And I wasn’t that impressed.
Maybe it was the fact that I woke up at 7 and walked for an hour and a half to watch something on a jumbo-tron two miles from the actual event, when I could have watched it in my bedroom only a half-mile from the Capitol. Maybe it was the fact that I had to wait, standing, for three hours in a crowd of strangers, in weather cold enough to steal the feeling from my toes through wool socks and boots. Maybe it was the fact that I’ve heard him speak dozens of times before and am now bored of his cautious, academic style. Or maybe it was the fact that I have always been steadfastly opposed to the most salient feature of his candidacy – not his race, but his liberal policy platform.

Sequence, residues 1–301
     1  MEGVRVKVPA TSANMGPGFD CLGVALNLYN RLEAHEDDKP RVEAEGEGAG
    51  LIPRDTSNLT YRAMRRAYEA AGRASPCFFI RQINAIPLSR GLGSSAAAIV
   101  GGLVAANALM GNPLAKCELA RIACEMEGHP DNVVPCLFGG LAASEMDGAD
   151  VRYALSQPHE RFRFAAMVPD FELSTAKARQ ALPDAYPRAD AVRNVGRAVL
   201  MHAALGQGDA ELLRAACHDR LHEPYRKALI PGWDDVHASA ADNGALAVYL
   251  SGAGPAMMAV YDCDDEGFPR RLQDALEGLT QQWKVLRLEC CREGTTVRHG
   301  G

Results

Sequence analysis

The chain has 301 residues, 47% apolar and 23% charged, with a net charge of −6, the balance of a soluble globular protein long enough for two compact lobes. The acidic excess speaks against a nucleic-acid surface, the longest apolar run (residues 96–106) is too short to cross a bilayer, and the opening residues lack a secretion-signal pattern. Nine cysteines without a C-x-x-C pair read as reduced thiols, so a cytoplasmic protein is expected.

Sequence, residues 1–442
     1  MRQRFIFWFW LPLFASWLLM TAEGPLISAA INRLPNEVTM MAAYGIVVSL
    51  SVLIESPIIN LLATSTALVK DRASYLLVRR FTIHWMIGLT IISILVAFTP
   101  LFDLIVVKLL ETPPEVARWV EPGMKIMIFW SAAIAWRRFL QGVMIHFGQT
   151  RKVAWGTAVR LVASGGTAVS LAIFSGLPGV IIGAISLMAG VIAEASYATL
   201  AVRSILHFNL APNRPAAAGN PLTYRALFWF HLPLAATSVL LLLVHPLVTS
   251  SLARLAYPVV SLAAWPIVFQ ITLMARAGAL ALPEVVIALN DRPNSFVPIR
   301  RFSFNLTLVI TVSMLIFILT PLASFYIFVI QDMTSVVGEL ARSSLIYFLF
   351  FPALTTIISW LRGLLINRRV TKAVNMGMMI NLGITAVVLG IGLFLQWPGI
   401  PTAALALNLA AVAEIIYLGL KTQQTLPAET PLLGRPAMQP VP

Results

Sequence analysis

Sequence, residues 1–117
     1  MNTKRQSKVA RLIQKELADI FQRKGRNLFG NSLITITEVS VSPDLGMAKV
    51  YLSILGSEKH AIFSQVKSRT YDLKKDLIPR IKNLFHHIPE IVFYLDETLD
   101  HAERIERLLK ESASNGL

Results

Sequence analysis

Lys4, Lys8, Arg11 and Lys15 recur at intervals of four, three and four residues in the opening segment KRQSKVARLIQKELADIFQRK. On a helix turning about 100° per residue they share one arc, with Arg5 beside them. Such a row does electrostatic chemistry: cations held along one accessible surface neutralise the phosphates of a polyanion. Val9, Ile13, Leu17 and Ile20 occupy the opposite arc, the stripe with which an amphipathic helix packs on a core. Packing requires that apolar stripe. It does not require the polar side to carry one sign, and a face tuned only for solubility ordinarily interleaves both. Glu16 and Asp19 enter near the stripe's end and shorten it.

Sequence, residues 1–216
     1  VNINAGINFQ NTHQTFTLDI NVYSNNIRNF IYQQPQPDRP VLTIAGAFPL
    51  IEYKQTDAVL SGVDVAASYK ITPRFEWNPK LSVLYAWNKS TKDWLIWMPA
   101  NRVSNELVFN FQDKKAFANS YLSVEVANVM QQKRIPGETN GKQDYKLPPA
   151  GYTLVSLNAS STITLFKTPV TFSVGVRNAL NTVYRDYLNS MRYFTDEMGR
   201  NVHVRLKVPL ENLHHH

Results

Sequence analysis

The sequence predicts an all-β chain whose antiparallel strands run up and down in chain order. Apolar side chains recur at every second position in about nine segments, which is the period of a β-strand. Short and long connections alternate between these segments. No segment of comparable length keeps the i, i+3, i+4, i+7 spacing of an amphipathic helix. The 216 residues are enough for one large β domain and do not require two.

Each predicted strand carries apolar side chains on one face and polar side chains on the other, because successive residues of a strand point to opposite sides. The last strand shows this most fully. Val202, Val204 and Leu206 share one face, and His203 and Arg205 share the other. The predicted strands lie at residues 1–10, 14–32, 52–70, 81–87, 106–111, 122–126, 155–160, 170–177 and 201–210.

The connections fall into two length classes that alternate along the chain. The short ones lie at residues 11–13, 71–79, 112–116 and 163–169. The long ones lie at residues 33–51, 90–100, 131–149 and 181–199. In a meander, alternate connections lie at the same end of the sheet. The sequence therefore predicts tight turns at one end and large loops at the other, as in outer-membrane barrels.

I don’t claim by any means to have been an objective judge, but Obama’s speech was, to my ear, platitudinous and uninspired. It blandly complimented uncontroversial American liberties, proclaimed a moment of national emergency in tones too calm to dim the crowd’s excitement, and made no efforts to defend, explain, or acknowledge the redistributive program that I have little doubt our new president will now advance.